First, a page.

Held: It is the case of the department that the sugar syrup is marketable product and merits classification under 1702 9090 of CETA, 1985 – however, on going through the said Chapter heading, the sugar syrup ought to contain at least 50% by way of fructose – in the present case, the department having not conducted any tests to prove the fructose content of the sugar syrup, the decision in the case of Rishi Bakers Pvt. Ltd. [ 2015 (328) ELT 634 (Tri-Delhi) ] would apply to hold that the sugar syrup manufactured by appellants is not a marketable commodity – it is the burden of the department to establish the marketability as well as the excisability of a product while demanding duty – in the present case, the department has miserably failed to establish marketability or the classification of the said sugar syrup – in the decisions in the cases of Lucky Biscuits Company – 2017-TIOL-3841-CESTAT-KOL and Parle Biscuits Pvt. Ltd. – 2017-TIOL-4475-CESTAT-DEL, the Tribunals have analyzed very same point and held that demand of duty on intermediary product viz., sugar syrup cannot sustain – following the said decisions, the demand has no legal or factual basis and is required to be set aside – the impugned order is set aside – the appeal is allowed : CESTAT [para 7, 8, 9, 10]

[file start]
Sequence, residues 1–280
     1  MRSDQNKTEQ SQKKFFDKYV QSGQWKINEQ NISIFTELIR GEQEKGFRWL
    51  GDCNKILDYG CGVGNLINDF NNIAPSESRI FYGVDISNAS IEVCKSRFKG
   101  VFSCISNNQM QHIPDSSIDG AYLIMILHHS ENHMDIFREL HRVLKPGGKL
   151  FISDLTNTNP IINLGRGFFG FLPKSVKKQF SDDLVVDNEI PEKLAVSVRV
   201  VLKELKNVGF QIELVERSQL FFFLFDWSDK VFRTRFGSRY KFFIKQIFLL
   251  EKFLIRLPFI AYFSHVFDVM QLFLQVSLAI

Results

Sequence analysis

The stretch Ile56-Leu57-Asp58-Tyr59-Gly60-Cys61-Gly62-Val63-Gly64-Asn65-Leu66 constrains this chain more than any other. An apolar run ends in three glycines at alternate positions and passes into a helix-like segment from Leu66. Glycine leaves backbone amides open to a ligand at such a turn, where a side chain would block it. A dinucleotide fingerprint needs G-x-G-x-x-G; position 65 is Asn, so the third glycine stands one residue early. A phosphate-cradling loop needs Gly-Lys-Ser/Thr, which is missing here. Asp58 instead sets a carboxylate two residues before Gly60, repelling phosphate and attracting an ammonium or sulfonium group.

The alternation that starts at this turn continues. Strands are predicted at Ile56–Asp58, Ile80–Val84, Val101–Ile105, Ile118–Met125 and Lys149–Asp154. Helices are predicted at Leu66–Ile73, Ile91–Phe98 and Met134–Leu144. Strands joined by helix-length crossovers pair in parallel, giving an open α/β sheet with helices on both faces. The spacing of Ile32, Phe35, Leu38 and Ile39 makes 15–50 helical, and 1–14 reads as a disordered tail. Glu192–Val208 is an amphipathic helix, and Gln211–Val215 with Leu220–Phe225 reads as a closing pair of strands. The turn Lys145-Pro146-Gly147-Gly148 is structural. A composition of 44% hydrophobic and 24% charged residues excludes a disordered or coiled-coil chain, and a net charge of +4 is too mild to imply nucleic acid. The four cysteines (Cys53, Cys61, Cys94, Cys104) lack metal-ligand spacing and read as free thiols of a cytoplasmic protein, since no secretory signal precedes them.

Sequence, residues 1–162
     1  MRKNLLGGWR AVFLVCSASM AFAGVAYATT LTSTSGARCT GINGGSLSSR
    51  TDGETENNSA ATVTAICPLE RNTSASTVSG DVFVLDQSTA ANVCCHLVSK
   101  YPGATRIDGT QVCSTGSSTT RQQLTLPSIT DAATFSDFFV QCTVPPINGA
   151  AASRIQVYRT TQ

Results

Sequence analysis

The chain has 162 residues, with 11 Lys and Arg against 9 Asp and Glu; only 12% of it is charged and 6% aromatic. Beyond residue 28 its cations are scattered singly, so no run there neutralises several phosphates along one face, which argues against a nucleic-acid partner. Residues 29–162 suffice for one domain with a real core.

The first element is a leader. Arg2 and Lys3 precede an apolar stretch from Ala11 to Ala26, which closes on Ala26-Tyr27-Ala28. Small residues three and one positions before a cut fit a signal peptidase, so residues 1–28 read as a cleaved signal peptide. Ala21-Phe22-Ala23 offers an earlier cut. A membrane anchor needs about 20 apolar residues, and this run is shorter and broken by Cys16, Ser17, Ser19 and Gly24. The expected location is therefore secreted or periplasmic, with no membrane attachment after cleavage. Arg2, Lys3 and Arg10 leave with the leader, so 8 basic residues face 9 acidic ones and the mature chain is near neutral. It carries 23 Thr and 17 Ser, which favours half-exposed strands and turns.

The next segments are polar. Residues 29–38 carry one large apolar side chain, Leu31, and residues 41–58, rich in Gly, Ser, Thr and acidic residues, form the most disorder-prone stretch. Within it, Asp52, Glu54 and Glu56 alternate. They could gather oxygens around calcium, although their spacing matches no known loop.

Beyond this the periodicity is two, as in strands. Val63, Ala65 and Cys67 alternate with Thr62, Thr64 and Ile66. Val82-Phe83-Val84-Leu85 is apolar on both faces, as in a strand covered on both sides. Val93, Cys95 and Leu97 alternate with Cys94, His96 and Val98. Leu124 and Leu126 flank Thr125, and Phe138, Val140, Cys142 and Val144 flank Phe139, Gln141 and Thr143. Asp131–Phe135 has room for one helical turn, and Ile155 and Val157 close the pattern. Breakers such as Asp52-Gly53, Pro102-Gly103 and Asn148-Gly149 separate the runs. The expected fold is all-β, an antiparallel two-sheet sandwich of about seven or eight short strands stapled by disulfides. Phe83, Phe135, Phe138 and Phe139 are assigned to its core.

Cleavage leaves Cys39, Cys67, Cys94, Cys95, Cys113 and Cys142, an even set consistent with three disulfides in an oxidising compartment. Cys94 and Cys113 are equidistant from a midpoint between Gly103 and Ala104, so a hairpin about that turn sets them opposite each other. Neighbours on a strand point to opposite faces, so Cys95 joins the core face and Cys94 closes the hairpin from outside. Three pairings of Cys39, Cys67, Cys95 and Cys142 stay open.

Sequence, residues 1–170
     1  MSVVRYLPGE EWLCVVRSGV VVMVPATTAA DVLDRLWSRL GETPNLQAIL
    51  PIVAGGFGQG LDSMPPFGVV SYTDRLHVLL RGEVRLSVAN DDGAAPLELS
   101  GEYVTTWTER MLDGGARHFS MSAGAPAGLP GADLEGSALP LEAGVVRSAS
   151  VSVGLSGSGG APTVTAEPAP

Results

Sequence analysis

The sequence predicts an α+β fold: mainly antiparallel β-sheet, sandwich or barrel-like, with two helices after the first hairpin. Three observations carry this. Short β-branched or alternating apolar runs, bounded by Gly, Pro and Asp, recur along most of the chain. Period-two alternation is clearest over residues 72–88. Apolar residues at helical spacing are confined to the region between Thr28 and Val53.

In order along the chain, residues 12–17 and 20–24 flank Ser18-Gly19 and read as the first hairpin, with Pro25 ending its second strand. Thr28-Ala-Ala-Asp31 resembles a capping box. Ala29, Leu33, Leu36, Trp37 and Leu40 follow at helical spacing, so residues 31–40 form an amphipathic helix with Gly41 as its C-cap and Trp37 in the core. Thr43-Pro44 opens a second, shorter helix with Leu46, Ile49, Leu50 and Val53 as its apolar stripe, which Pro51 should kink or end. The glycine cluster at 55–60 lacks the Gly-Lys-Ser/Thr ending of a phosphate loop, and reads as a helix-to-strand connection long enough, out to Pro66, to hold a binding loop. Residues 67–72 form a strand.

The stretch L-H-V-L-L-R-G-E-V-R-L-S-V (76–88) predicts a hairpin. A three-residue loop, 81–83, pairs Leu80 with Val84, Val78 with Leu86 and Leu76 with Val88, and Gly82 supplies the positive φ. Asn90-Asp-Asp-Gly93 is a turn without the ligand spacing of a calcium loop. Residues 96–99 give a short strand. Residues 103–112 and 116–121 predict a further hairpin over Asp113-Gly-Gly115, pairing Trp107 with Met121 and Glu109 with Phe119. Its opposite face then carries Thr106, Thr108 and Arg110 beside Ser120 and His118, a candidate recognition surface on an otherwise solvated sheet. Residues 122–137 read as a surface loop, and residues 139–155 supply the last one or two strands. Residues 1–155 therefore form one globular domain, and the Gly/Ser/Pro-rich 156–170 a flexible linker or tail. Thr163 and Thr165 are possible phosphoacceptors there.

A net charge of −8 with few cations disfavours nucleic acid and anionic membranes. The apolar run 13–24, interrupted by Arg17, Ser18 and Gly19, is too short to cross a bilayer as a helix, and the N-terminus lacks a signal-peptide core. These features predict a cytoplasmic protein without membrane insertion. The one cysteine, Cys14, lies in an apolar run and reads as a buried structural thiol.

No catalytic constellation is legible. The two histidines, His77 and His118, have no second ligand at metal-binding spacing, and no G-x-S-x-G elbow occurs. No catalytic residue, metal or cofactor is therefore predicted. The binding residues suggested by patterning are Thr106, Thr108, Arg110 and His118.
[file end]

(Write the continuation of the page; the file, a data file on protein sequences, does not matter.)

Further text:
Case laws cited:
Rishi Bakers Pvt. Ltd. – 2015 (328) ELT 634 (Tri-Delhi)…………..para 3, 7…………..relied upon
Lucky Biscuits Company Vs CCE, Patna – 2017-TIOL-3841-CESTAT-KOL………….para 3, 9………….followed
Parle Biscuits Pvt. Ltd. Vs CCE, Alwar – 2017-TIOL-4475-CESTAT-DEL…………..para 3, 9………….followed
Bhagwati Foods Pvt. Ltd. Vs CCE, Kanpur – 2016-TIOL-2499-CESTAT-ALL………….para 3………….referred
Yakult Danond India Pvt. Ltd. – 2017-TIOL-4211-CESTAT-CHD…………..para 3.1…………..referred
Godavari Sugar Mills Ltd. – 2007-TIOL-602-CESTAT-BANG……………para 3.2…………..referred
FINAL ORDER NO. A/30574/2019
Per: Sulekha Beevi:
1. This appeal is filed by the appellant against Order-in-Original No.HYDEXCUS- 002-COM-06-15-16 dated 29.03.2016.